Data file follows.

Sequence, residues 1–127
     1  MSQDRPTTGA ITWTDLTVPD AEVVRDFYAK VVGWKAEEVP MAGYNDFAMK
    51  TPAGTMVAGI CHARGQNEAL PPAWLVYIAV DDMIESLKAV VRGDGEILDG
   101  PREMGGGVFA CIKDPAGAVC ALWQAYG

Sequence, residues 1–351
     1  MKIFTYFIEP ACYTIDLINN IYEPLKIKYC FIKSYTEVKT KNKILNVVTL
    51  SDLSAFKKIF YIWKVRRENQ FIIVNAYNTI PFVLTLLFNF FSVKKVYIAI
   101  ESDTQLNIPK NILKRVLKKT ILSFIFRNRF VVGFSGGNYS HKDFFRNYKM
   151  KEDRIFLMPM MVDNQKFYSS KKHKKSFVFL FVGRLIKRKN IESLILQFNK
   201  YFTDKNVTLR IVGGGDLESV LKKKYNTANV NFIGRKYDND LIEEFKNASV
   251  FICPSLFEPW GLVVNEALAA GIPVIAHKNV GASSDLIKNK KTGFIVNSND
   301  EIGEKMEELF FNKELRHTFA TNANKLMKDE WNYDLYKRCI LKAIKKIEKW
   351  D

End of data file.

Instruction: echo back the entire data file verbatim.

Sequence, residues 1–127
     1  MSQDRPTTGA ITWTDLTVPD AEVVRDFYAK VVGWKAEEVP MAGYNDFAMK
    51  TPAGTMVAGI CHARGQNEAL PPAWLVYIAV DDMIESLKAV VRGDGEILDG
   101  PREMGGGVFA CIKDPAGAVC ALWQAYG

Sequence, residues 1–351
     1  MKIFTYFIEP ACYTIDLINN IYEPLKIKYC FIKSYTEVKT KNKILNVVTL
    51  SDLSAFKKIF YIWKVRRENQ FIIVNAYNTI PFVLTLLFNF FSVKKVYIAI
   101  ESDTQLNIPK NILKRVLKKT ILSFIFRNRF VVGFSGGNYS HKDFFRNYKM
   151  KEDRIFLMPM MVDNQKFYSS KKHKKSFVFL FVGRLIKRKN IESLILQFNK
   201  YFTDKNVTLR IVGGGDLESV LKKKYNTANV NFIGRKYDND LIEEFKNASV
   251  FICPSLFEPW GLVVNEALAA GIPVIAHKNV GASSDLIKNK KTGFIVNSND
   301  EIGEKMEELF FNKELRHTFA TNANKLMKDE WNYDLYKRCI LKAIKKIEKW
   351  D